General requirements result in high enrollment

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At the head of every semester are a pair of fresh eyes looking toward a new start, new professors, new material, new friends and new courses.

But before the beginning of each semester, registration season is underway.

History 110A, a world history course, had the highest enrollment last semester with 2,013 students, according to Institutional Research and Analytical Studies.

Biology 101 is the second course with the highest enrollment from last semester with 1,949 students.

Other courses with high enrollment numbers include English 101, Math 115, Political Science 100 and Human Communication 100.

According to Institutional Research and Analytical Studies, the lowest enrolled courses are special topics such as projects, thesis, independent study, direct studies, graduate projects and tutorial courses.

In these courses, a single student was enrolled in a course in a given department.

The office reported that 37,677 students were enrolled in 2,076 different courses in the university.

William Myers, Ph.D., a history professor, has been teaching History 110A for the last 16 years and said he is not surprised by the high enrollment.

The course is general education requirement that must be fulfilled by every student at the university.

Together History 110A and 110B refresh students’ understanding of human achievements over the past 5,000 years, with the intent of helping them to appreciate the cause and effect which shapes our contemporary world, he said.

“I am really pleased that so many students are being introduced to the excitements of history, and am honored when I can be part of their ‘path in discovery’ in college,” Myers said.

Myers said he believes students appreciate the opportunity to learn about earlier times, and often gain an insight into their own cultural background.

He also said students dislike having to memorize dates, or to write long papers.

Anabel Hernandez, 21, a Spanish major, took History 110A last semester because it was a requirement.

Hernandez said she enjoyed learning interesting details and facts about ancient civilizations in chronological order.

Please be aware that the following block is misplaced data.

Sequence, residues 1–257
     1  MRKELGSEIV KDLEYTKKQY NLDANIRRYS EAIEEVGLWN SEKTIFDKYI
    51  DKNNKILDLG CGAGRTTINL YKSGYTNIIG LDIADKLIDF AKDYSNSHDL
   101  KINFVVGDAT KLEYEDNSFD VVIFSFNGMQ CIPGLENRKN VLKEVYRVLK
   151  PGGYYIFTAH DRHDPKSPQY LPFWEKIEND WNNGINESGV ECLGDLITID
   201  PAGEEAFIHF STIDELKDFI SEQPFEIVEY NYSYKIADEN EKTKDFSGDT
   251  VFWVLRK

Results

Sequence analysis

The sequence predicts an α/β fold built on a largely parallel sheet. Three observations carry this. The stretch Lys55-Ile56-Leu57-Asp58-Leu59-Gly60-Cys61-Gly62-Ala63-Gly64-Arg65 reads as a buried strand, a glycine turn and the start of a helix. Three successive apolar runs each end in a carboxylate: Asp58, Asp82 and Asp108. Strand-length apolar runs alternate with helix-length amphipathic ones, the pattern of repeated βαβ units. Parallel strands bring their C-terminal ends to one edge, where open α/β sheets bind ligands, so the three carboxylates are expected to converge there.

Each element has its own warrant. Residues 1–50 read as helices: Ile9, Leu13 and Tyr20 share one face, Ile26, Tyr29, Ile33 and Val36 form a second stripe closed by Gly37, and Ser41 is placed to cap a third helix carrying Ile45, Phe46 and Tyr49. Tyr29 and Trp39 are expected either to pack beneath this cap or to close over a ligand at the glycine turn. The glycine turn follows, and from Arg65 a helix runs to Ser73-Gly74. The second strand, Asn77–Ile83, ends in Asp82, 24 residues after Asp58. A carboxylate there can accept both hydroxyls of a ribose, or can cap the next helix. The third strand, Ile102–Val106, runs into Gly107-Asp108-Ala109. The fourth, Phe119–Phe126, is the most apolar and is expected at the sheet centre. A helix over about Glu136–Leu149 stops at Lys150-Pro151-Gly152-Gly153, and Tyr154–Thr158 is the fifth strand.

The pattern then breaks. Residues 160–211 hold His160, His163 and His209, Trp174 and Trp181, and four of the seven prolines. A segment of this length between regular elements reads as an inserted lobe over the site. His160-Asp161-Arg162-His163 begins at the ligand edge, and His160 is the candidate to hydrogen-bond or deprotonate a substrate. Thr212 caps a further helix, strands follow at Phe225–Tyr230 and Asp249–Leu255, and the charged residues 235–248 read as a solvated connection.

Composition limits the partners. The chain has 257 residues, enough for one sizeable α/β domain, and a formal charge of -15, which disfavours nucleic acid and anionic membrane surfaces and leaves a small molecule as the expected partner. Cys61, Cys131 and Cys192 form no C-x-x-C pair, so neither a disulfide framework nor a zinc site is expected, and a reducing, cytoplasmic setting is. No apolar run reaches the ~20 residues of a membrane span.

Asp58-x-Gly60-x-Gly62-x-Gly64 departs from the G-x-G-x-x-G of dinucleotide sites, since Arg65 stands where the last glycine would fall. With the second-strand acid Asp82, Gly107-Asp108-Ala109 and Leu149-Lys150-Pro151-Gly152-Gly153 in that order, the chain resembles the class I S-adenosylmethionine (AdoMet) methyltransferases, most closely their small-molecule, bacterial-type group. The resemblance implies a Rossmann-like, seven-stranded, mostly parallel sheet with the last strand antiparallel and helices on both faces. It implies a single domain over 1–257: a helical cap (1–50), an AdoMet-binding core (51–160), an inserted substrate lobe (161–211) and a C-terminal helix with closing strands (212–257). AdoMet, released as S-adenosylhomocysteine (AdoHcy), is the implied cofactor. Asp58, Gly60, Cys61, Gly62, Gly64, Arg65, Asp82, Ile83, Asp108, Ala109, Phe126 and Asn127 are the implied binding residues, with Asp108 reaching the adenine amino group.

However, she did not like the class size because she has a preference for smaller classes where students are able to participate more in discussions and the teacher knows the students better.

Leticia Garcia, 21, an international business major, has taken several of the ten courses with the highest enrollment on campus.

Garcia’s favorite course out of the top ten is History 110B because she has a passion for the subject.

She said her least favorite course was Math 115 because she felt it was redundant.

Krista Henderson, a biology professor, said many students take Biology 101 because it is a prerequisite for other courses.

“I think it also seems like a ‘familiar’ way to fill that section of the GE. Everyone took Biology in high school and therefore students may feel more comfortable with that, than some of the other courses,” said Henderson.

Henderson prefers to teach smaller classes because it’s easier to get to know the students and easier to encourage participation, but typically she has about 80-100 students per class.

Henderson said she likes being able to discuss current or controversial topics and helping the students see the science behind these things.

“There is so much pseudoscience and misinformation out there, things you see on TV or the Internet, that it’s important that students understand how to evaluate information,” Henderson said.

She said most instructors who teach this class, including herself, try to make the class relevant for non-majors by teaching about personal health, the environment and current issues like stem cell research.

“Hopefully the relevancy is what students like the most,” Henderson said.

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